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We are running: Red Hat Enterprise Linux release 8.5 (Ootpa). We allow the server to update weekly using "yum -y update". We recently began receiving the following errors when executing shell commands:

  • sh: which: line 1: syntax error: unexpected end of file
  • sh: error importing function definition for `which'

I am not aware of anything we changed that could cause this error -- this why I am pointing to the yum system update. Much of our code is written in php where we use passthru() to run shell commands. When we rarely write a shell script we generally use bash.

I have the ability to prevent these errors using "unset which" prior to running a php script that uses passthru(). We run many shell commands from many scripts. Updating each of these scripts is not an effective solution -- time consuming and potentially introduces defects.

It is interesting to note that the following code Does Not cause an error:

#!/bin/sh
echo hello

Is there a way to 'unset which' once at the system or user level so it would be executed each time we run the shell? Perhaps there is a shell profile that I can change or something similar.

Update 1

I found the following in /etc/profile.d/which2.sh

# shellcheck shell=sh
# Initialization script for bash, sh, mksh and ksh

which_declare="declare -f"
which_opt="-f"
which_shell="$(cat /proc/$$/comm)"

if [ "$which_shell" = "ksh" ] || [ "$which_shell" = "mksh" ] || [ "$which_shell" = "zsh" ] ; then
  which_declare="typeset -f"
  which_opt=""
fi
 
which ()
{
(alias; eval ${which_declare}) | /usr/bin/which --tty-only --read-alias --read-functions --show-tilde --show-dot "$@"
}

export which_declare
export ${which_opt} which

The syntax looks correct here. I can tell that it exports 'which' -- but I'm not sure why. If I knew what this is doing, I could evaluate the risk of unset which.

Update 2

Created a small php script:

#!/usr/bin/php
<?php
passthru('echo hello');
?>

This Does create the error.

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The error message hints at the Bash feature of exporting and importing shell functions to child shells through the environment. It reads environment variables with names like BASH_FUNC_funcname%%, that have values beginning with () { and tries to parse them as function definitions.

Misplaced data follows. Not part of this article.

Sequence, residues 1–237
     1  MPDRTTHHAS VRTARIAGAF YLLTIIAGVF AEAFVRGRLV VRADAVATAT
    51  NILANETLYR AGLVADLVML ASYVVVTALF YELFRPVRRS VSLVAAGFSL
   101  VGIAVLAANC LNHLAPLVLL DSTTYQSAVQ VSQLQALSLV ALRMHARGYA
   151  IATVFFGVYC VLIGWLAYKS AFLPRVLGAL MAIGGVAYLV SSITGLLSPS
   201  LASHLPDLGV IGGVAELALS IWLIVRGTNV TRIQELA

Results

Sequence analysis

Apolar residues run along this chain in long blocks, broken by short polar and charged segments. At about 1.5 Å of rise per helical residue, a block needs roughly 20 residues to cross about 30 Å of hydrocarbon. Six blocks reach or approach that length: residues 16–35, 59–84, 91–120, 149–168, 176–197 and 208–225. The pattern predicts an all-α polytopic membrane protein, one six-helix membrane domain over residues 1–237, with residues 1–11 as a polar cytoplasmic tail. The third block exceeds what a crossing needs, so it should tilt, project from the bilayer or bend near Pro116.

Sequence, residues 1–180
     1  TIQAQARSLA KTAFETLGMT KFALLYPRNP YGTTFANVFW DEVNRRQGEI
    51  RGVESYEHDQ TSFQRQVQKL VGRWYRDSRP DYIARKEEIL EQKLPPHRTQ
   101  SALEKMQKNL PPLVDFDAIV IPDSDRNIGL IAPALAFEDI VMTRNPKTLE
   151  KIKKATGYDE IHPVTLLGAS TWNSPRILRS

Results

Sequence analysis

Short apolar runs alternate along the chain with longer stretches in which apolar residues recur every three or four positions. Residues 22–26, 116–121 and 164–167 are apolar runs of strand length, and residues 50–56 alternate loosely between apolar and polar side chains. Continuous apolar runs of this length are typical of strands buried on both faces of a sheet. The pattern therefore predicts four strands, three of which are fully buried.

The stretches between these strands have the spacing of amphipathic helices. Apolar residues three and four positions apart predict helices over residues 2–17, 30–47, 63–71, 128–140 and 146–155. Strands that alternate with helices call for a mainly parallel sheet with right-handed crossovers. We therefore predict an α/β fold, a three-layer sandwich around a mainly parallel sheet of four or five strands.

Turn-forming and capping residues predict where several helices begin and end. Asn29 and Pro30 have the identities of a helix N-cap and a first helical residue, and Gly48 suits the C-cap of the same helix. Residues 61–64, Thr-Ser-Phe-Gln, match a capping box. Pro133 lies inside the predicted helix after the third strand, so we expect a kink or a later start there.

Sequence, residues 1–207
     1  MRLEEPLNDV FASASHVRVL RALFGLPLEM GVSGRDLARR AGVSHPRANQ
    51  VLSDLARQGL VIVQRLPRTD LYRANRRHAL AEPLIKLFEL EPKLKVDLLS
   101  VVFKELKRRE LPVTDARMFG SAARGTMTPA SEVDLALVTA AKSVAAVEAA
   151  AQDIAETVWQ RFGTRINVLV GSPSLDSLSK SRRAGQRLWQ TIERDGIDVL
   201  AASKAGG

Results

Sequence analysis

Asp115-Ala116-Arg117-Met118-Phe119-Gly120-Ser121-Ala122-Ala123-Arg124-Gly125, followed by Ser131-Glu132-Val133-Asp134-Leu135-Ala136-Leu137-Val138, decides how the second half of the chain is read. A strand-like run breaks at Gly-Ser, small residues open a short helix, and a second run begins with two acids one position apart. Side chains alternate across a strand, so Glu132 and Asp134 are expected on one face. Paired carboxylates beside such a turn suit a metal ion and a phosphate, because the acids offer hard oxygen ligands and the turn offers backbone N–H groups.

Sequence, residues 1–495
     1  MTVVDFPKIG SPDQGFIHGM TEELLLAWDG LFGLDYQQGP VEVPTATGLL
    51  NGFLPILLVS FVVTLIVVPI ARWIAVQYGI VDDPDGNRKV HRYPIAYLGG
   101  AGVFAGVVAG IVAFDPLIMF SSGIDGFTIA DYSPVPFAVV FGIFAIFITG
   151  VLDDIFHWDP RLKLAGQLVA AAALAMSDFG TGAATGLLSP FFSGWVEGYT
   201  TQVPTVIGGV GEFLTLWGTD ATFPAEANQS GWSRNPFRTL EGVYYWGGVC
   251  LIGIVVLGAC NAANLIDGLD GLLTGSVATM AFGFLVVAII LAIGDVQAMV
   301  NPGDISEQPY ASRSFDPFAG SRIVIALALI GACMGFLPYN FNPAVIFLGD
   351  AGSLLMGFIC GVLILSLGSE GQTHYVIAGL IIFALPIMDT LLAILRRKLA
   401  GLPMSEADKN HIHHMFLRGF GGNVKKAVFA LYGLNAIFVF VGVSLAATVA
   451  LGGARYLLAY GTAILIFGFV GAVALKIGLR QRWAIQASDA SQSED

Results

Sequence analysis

The error says the definition is faulty, you could get that by e.g. missing the closing }. Here, the environment variable would contain the string () { echo hi; when Bash sees it:

$ perl -e '$ENV{"BASH_FUNC_which%%"} = "() { echo hi;"; exec("/bin/bash")'
bash: which: line 1: syntax error: unexpected end of file
bash: error importing function definition for `which'

unset which would undefine the function, so it doesn't get exported, but that doesn't explain why the definition would be broken when the shell is started from PHP. I'm not sure what PHP, or your PHP program does to environment variables, but a possible reason is that Bash uses newlines in the envvars for exported functions. E.g.:

$ which() { echo hi; } 
$ export -f which
$ env |grep which -A1
BASH_FUNC_which%%=() {  echo hi
}

If something were to just look at the first line, the definition would be broken as in my Perl script above. You may want to look into that.

As for where the which function comes, look into the shell's initialization files, i.e. /etc/bash.bashrc etc. See the ideas in How to determine where an environment variable came from?, they should work for functions too. (Lazy first attempt: grep -re which /etc)

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  • Great feedback! Please see my update to the original question.
    – Greg Sims
    Dec 14 '21 at 23:09
  • @GregSims, re. exporting the function, the scripts in profile.d only get run by login shells, and exporting makes it available to child shells too, even scripts. That's not a very good way to define the command though, since it's only going to be available in Bash (though RHEL has Bash as /bin/sh too). It would better be made a tool in PATH. I would expect it's only meant for interactive use since it's defined like that, but it's hard to be sure.
    – ilkkachu
    Dec 15 '21 at 10:17
  • You could of course also unset it in PHP, it should be BASH_FUNC_which%% (putenv("BASH_FUNC_which%%"), I guess. Better still, unset all BASH_FUNC_ vars), though that'd be a bit of an ugly workaround too. And as for the PHP example, well yeah, it looks like PHP is broken. Some people might not be surprised.
    – ilkkachu
    Dec 15 '21 at 10:19
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I placed unset which in .bashrc as a work around. This worked for both bash and php. This morning I commented the unset which from .bashrc. The issue no longer exists. I believe the issue was created and resolved by upstream code changes. Thank you @ilkkachu!

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